As I started the repair the problem became evident very quickly. I needed to stretch this amazingly thick and tightly wound metal spring from its current 8 inch length to about 2 feet to connect the two things it connected to (still not quite sure what those thingies are called). After struggling for some time with it, I came up with a solution- connect one end, and string a thick rope through the other, plant my butt on the ground and my feet against the mower tires and pull with all my might. It worked, although the first time I tried it, after exerting all my strength to pull the spring back, I realized I needed another person to reach inside the mower and actually attach the spring to the other connector-thing. That’s where Michelle came in.

It was done. I know it sounds a bit silly, but I felt like a man. A real man. A man that needed his wife to help.

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Thursday, April 26, 2007

5000 And Counting

Probably of no interest to DigitalRichDaily readers at all, but very interesting to me. I am amazed at the vast number of different people from different places that stumble into my blog. Last night my visitor site meter hit number 5000. And wouldn’t you know that visitor #5000 is a friend, former co-worker, and fellow blogger The Eccentric Blonde.

She win’s a special prize- my sincere and heartfelt recommendation that you visit her site and explore her great writing.

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Wednesday, April 25, 2007

Facing The Giants

Last night A’s Franklin Girls Softball team played a team from Spring Hill/Heritage.

A is 8 years old and plays in the 7/8 year old girls slow-pitch league. At this age, girls are just starting to understand the game and once in a while a shimmer of future greatness shows itself. In the game right before ours, the pitcher caught a pop-fly, ran to third base and got the runner out that had started off to home plate without tagging-up, and then threw the ball to first base to get the runner there out before she got back- a triple play.

As for hitting, these young girls are slowly developing speed in their swing, and once in awhile are able to manage a double or triple- sometimes a homerun, mainly because the grounder they hit rolls right towards a hole in the defense and continues its journey harmlessly into the outfield while several nearby defenders draw murals in the dirt or watch butterflies.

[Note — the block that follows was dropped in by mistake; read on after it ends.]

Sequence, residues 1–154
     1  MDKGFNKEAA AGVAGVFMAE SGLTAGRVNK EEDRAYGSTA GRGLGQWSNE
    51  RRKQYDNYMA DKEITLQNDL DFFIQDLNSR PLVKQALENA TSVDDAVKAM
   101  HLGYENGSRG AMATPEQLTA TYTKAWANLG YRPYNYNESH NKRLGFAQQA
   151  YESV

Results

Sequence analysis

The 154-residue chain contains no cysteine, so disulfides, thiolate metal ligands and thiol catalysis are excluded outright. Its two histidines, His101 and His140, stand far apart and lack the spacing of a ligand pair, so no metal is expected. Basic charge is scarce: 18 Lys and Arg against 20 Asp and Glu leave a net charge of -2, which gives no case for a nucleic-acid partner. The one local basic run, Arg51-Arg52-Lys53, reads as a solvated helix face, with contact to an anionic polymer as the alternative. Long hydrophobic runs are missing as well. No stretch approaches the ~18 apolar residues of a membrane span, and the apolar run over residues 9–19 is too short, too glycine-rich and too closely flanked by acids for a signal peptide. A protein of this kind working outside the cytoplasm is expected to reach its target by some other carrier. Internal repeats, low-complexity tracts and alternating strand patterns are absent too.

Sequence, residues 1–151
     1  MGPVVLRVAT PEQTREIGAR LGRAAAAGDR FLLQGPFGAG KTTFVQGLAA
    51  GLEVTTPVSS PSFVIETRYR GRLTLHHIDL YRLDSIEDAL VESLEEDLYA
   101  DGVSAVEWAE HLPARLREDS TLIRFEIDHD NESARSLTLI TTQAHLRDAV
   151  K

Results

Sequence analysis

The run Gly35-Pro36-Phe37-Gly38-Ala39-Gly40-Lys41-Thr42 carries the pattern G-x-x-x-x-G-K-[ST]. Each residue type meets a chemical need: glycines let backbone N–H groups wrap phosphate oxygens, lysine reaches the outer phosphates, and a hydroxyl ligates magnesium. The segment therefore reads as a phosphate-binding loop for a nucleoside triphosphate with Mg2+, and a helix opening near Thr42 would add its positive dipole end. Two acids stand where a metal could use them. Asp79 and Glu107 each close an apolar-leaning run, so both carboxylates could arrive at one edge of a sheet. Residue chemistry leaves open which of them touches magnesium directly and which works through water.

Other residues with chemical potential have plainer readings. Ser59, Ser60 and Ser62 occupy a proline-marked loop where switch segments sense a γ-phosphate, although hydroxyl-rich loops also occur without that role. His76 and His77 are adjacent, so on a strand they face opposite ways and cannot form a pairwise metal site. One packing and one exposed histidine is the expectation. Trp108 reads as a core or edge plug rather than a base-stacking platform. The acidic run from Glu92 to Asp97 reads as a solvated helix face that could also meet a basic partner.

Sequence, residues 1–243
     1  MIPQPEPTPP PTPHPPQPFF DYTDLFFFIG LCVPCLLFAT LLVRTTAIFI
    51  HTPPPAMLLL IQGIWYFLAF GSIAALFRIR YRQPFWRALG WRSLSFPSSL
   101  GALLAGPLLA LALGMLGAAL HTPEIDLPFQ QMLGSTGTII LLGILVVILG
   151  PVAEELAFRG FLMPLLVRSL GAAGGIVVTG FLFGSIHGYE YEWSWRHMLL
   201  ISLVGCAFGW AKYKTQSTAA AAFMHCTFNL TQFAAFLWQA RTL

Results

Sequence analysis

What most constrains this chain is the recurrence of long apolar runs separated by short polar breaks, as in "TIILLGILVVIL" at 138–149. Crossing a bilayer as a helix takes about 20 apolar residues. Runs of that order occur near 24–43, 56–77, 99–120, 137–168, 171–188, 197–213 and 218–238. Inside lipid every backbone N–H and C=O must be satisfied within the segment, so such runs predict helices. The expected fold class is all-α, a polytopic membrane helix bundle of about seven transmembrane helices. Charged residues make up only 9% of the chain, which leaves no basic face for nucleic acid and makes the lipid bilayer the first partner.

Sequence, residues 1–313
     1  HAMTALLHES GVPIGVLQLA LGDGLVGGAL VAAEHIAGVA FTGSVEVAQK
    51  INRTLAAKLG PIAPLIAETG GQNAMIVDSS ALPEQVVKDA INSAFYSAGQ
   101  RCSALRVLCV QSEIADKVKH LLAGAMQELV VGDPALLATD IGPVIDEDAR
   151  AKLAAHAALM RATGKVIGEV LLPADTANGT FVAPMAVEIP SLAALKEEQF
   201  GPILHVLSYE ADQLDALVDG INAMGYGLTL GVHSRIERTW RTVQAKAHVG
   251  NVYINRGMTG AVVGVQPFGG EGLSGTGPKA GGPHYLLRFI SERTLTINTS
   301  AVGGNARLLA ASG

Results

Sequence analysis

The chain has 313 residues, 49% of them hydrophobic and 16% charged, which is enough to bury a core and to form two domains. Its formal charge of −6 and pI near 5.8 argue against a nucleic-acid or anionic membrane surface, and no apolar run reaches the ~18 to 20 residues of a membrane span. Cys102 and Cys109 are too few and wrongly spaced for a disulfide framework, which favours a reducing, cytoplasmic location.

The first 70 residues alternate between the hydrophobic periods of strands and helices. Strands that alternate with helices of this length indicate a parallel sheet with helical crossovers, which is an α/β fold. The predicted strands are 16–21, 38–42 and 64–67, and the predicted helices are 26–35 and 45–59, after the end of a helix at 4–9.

When A’s team met their opponent last night we all noticed the rather significant difference in size between the two groups of girls. I must admit that my first thought was that the team mom or the head-coach must be slipping steroids into their juice-boxes. These were large, large 7-8 year olds.

It was all fun and games until they started batting. The speeding grounders and line-drives started, and A’s team was stunned. Batter after batter nailed balls so hard that the girls barely had time to respond, and it looked like a shooting gallery. The inevitable happened- one of the girls on the other team, probably twice the height of our smaller girls, hit a line drive 2 feet off the ground right at our pitcher. Little AG didn’t move at all- she had no time. The ball struck her in the thigh with a smack so loud it quieted the stands. The crying began immediately- and so did the 4-inch round bruise- that started blossoming before the coaches got to the field to check on her.

The next inning a line-drive went 2 feet over our pitchers head traveling at about 40MPH, again no response from our pitcher until the ball was well past her. It was a frightening night.

Our team lost. But they lived through it.

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Tuesday, April 24, 2007

The Great Race

Occasionally Michelle and I will have to take two cars as we run errands or head out for the day, usually because of some unusual circumstance. Sometimes its Sunday morning at church when I have a meeting somewhere right after service, sometimes its out on errands because I need to swing by Home Depot and she has something earth-shatteringly important to get at Kohls after we see a movie.

Tonight, it was really unusual. Our van has taken ill. The transmission is bad, and a $3000+ repair bill awaits us at the end of the week. We headed out for softball games tonight all in one car (the 6 DigitalRich crew members), and planned on hooking up with my parents at the second game. They each drove their car to the game, and then gave one of them to Michelle to use for the week.

As we departed the last of two games around 9PM, Michelle was directly in front of me, and we kept it that way until we got to downtown Franklin. From there several routes are possible to reach our home, and often when these situations present themselves Michelle and I know exactly what to do. We race.

She takes one route; I take another, and most of the time I win. And I did again tonight. Sort of.

Michelle, pure and white as the wind-driven snow, always accuses me of secretly speeding when we are out of site of each other. She claims to always drive the speed limit. I believed her until tonight. Tonight I made a point of driving reasonably close to the limit. As I made my way through the side streets I hit each light just right, came to two stop signs with no other traffic, and made record time through town. I knew without a doubt I would win the great race.